Briefing

How do you manage an exhausted in-house legal team?

10th March 2021

Burnt out matches
We’re connected to thousands of in-house legal teams around the world. Whether large or small, there’s one constant that we’re hearing: teams are showing signs of burnout.

For over 12 months, they’ve been in various states of lockdown, crisis modes and continually facing pandemic-inspired challenges like “Zoom-fatigue” and remote onboarding. Last week, LOD virtually sat down with a group of in-house legal leaders to discuss the thorny but urgent topic of how to manage exhausted teams.

By integrating the consensus advice from the peer-led conversation with our internal know-how, we’ve collected six key tips for in-house leaders to consider:

(1) Give your team enough space

One of the difficult balancing acts for managers is finding the line between providing helpful guidance and being ever-present and overbearing. If you’re in every video call, you might find your team members aren’t getting time and space to relax with their peers. Perhaps think about joining a meeting later or leaving earlier, allowing your team to have some time with peers only. The counterpoint here is to ensure you don’t disappear completely. One interesting initiative was to require team members to escalate queries to a peer before escalating upwards. The GC sharing this suggestion had found that this reduced the burden on more senior members of the team and encouraged helpful cross-pollination.

(2) Maintain contact with the whole team – not just direct reports

Some of the feedback we heard hit on the difficulty of maintaining contact with the wider team. With direct reports, most managers naturally found a way to regularly connect despite the new working environment. However, it has been more difficult to replicate the natural ‘water-cooler’ moments with non-direct reports. Some measures to combat these are well-documented, including in our briefing, Remote Connection, where we talked about randomly assigning team members a buddy. The in-house legal leaders we spoke to last week had an assortment of different approaches, typically variations on one theme – setting aside a short period of time during the working week for non-direct reports to have a more casual chat.

(3) Get every team member to complete a personal well-being plan

It’s important for each individual to document how they plan to look after their physical and mental well-being. In the pandemic environment, this is more vital than ever before. The act of completing a plan is an essential part of your toolkit for boosting your team’s well-being. You can lead the way by opening up the dialogue on well-being and sharing a template plan to be completed. By collaborating with your team on their plan, you will demonstrate your willingness to support them. Further, you can role-model healthy behaviours by sharing your own plan and regularly referring back to it with clear accountability. There are plenty of free resources to help, for example, Mind’s Guide to Wellness Action Plans. To give this plan meaning it needs to sit alongside and equal to their personal and professional development plans.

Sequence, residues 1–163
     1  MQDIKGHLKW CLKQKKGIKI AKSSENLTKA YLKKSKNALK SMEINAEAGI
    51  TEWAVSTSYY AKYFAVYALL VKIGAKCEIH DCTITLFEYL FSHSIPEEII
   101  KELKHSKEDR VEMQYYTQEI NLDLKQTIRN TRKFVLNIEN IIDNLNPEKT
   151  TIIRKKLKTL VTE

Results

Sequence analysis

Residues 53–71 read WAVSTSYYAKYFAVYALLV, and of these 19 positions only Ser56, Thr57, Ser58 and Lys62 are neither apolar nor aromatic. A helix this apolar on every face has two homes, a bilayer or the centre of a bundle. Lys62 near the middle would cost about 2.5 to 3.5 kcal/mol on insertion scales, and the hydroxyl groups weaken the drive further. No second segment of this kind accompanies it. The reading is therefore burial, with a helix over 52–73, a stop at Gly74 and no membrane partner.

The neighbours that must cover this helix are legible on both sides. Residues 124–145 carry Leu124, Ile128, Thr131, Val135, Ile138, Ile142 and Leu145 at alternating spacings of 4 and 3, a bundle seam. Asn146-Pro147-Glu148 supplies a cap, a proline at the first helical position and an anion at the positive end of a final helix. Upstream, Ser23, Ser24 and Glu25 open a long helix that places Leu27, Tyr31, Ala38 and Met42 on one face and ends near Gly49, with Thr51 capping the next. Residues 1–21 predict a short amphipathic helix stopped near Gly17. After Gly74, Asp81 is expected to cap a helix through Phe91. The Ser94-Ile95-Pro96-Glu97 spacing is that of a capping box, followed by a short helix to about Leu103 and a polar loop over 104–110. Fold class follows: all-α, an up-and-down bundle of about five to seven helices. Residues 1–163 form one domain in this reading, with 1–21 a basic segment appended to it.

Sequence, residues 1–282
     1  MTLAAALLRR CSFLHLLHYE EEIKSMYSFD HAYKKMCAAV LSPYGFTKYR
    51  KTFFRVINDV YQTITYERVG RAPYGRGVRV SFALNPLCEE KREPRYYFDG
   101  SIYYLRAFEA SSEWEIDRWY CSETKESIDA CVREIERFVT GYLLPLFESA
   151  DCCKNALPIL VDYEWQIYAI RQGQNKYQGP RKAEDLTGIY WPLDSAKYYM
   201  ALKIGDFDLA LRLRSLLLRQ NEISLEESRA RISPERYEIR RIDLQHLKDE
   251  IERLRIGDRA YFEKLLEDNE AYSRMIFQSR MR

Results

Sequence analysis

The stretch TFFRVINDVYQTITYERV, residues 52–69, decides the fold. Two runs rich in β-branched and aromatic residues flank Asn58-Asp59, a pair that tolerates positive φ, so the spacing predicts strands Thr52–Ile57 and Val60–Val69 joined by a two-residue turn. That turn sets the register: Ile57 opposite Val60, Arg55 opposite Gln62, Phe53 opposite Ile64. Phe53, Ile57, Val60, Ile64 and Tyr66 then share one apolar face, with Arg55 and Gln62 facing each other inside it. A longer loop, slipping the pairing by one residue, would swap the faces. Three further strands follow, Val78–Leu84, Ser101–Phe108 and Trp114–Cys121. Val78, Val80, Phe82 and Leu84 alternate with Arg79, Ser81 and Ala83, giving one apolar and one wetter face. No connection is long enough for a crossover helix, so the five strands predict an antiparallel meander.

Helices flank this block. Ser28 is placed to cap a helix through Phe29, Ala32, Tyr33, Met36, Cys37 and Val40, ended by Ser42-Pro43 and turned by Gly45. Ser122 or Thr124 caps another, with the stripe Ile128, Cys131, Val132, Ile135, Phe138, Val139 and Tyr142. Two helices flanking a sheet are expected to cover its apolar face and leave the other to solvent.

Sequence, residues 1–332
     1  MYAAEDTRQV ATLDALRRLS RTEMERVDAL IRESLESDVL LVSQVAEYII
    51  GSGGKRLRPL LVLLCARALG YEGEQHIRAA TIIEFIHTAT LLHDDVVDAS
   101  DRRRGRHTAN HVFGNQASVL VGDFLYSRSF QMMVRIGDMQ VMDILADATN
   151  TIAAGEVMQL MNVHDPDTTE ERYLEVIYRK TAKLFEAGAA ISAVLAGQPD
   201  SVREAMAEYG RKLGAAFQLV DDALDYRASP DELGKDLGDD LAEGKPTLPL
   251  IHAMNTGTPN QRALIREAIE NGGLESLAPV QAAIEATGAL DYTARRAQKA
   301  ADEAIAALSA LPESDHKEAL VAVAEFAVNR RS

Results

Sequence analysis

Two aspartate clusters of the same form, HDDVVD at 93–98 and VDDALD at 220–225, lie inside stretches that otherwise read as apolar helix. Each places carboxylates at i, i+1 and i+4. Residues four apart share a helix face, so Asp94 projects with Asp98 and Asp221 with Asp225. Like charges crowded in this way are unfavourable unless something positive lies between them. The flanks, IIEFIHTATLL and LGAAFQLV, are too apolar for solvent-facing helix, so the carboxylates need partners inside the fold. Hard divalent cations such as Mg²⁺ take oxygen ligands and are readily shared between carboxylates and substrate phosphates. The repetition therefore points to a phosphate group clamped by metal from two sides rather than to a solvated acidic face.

(4) Encourage asynchronous working

During the pandemic, many in-house lawyers experienced an upheaval in their working hours. Home-schooling and other lockdown restrictions have shifted a fairly typical working day into a much more unpredictable one. As a manager, you may find it easier to work later in the evening, free from daytime distractions. However, ensure you make it clear when you’re sending an email at 10pm you don’t require an immediate response. By providing clear timelines, you can guard against phantom deadlines and unnecessary stress. A practical tip here is to include a note in your internal email signature (or status in Teams or the equivalent) that lets your staff know your availability and best contact times.

(5) Control the meeting landscape

Everyone is now familiar with the phenomena of video meeting fatigue – sometimes called the ‘Trauma of Zoom’. There are a number of tactics here, all with the same objective – limit the amount of meetings. Some of the in-house leaders banned any calls during lunch, some banned Friday mornings. Whatever the moratorium, there was a shared consensus that there does need to be some allocated time in people’s weekly diaries where they know they can work uninterrupted by a meeting.

(6) Don’t forget learning & development

During the urgency of the initial pandemic response, many organisations were in crisis mode and it was necessary to pause certain activities. As we now find ourselves in this extended period of challenge, we need to ensure some of those suspended activities are returned. We know that learning is an essential part of high-performing legal teams, so if you haven’t already, it might be time to prioritise getting some learning sessions back into your team’s diary. Not only do these sessions grow your team’s skillsets, but they provide an opportunity for the team to refresh and be together outside of everyday work.

Conclusion

Managing a team is never easy, let alone in a pandemic. It’s important to acknowledge the challenge of the moment we find ourselves in. Hopefully, these tips provided a helpful guide for you to provide the support your team needs. Despite the struggle, many in-house leaders have embraced new ways of working for their team and have already predicted they will endure beyond the crisis.




Further reading:
  1. A one page summary of our discussion with top GCs on the subject of over-stretched teams
  2. LODcast on stress and mental health in the profession
  3. LODcast on remote working
  4. ‘Remote Connection’ – LOD briefing on managing juniors and new joiners remotely
  5. How to Lead When Your Team Is Exhausted — and You Are, Too (HBR)